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Presentations API in Python

How to create and publish a spectacle-presentation with the Python API.

New to Plotly?¶

Plotly's Python library is free and open source! Get started by downloading the client and reading the primer.
You can set up Plotly to work in online or offline mode, or in jupyter notebooks.
We also have a quick-reference cheatsheet (new!) to help you get started!

Version Check¶

Note: The presentations API is available in version 2.2.1.+
Run pip install plotly --upgrade to update your Plotly version.

In [1]:
import plotly
plotly.__version__
Out[1]:
'2.2.1'

Plotly Presentations¶

To use Plotly's Presentations API you will write your presentation code in a string of markdown and then pass that through the Presentations API function pres.Presentation(). This creates a JSON version of your presentation. To upload the presentation online pass it through py.presentation_ops.upload().

In your string, use --- on a single line to seperate two slides. To put a title in your slide, put a line that starts with any number of #s. Only your first title will be appear in your slide. A title looks like:

# slide title

Anything that comes after the title will be put as text in your slide. Check out the example below to see this in action.

Current Limitations¶

Boldface, italics and hypertext are not supported features of the Presentation API.

Simple Example¶

In [2]:
import plotly.plotly as py
import plotly.presentation_objs as pres

filename = 'simple-pres'
markdown_string = """
# slide 1
There is only one slide.

---
# slide 2
Again, another slide on this page.

"""

my_pres = pres.Presentation(markdown_string)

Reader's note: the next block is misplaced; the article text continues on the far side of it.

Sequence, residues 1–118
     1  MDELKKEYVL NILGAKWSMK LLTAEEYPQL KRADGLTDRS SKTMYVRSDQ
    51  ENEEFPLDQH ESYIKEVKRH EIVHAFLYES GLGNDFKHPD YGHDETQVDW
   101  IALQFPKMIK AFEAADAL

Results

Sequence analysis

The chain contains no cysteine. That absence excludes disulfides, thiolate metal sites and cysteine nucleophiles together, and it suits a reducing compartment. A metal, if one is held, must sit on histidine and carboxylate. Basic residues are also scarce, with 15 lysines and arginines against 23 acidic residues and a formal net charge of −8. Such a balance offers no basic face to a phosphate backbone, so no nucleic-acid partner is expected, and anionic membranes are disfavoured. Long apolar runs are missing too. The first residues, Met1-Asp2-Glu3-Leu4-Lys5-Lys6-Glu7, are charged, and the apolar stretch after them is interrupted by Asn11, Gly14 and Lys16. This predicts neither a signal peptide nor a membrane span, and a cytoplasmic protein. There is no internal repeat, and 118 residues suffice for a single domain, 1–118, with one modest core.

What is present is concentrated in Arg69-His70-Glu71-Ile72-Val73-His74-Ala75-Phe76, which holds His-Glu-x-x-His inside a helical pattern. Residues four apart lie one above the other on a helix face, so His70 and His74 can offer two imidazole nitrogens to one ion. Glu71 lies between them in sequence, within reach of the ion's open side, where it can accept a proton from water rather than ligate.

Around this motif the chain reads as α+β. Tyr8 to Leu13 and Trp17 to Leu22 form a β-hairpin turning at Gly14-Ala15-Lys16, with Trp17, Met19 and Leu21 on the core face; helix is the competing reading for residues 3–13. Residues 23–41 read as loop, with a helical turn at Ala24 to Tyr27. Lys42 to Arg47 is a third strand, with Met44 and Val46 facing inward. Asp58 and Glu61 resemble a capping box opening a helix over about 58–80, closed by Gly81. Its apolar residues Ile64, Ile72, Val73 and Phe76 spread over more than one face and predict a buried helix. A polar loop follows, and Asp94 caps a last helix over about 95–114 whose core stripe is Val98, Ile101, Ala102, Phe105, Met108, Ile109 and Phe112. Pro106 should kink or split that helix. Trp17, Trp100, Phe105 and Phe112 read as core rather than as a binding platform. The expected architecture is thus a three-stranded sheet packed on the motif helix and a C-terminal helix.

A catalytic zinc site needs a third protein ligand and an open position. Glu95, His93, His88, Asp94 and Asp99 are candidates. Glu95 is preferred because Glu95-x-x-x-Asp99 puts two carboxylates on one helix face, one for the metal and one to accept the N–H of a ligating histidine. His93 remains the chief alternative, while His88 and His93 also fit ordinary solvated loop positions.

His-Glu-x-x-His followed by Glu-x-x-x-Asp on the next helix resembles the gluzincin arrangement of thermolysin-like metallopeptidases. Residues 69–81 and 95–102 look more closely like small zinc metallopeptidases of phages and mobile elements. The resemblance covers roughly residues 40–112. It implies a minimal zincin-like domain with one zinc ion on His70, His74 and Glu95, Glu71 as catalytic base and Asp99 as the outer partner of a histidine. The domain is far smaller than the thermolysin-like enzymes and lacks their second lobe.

pres_url_0 = py.presentation_ops.upload(my_pres, filename)

print(pres_url_0)
https://plot.ly/~AdamKulidjian/3700/simple-pres/
In [3]:
import IPython

def url_to_iframe(url, text=True):
    html = ''
    # style
    html += '''<head>
    <style>
    div.textbox {
        margin: 30px;
        font-weight: bold;   
    }
    </style>
    </head>'
    '''
    # iframe
    html += '<iframe src=' + url + '.embed#{} width=750 height=400 frameBorder="0"></iframe>'
    if text:
        html += '''<body>
        <div class="textbox">
            <p>Click on the presentation above and use left/right arrow keys to flip through the slides.</p>
        </div>
        </body>
        '''
    return html

iframe_0 = url_to_iframe(pres_url_0, True)
IPython.display.HTML(iframe_0)
Out[3]:
'

Click on the presentation above and use left/right arrow keys to flip through the slides.

Insert Plotly Chart¶

If you want to insert a Plotly chart into your presentation, all you need to do is write a line in your presentation that takes the form:

Plotly(url)

where url is a Plotly url. For example:

Plotly(https://plot.ly/~AdamKulidjian/3564)

The Plotly url lines should be written on a separate line after your title line. You can put as many images in your slide as you want, as the API will arrange them on the slide automatically, but it is highly encouraged that you use 4 OR FEWER IMAGES PER SLIDE. This will produce the cleanest look.

Useful Tip:
For Plotly charts it is HIGHLY ADVISED that you use a chart that has layout['autosize'] set to True. If it is False the image may be cropped or only partially visible when it appears in the presentation slide.

In [4]:
import plotly.plotly as py
import plotly.presentation_objs as pres

filename = 'pres-with-plotly-chart'
markdown_string = """
# 3D scatterplots
3D Scatterplot are just a collection of balls in a 3D cartesian space each of which have assigned properties like color, size, and more.

---
# simple 3d scatterplot

Plotly(https://plot.ly/~AdamKulidjian/3698)
---
# different colorscales

There are various colorscales and colorschemes to try in Plotly. Check out plotly.colors to find a list of valid and available colorscales.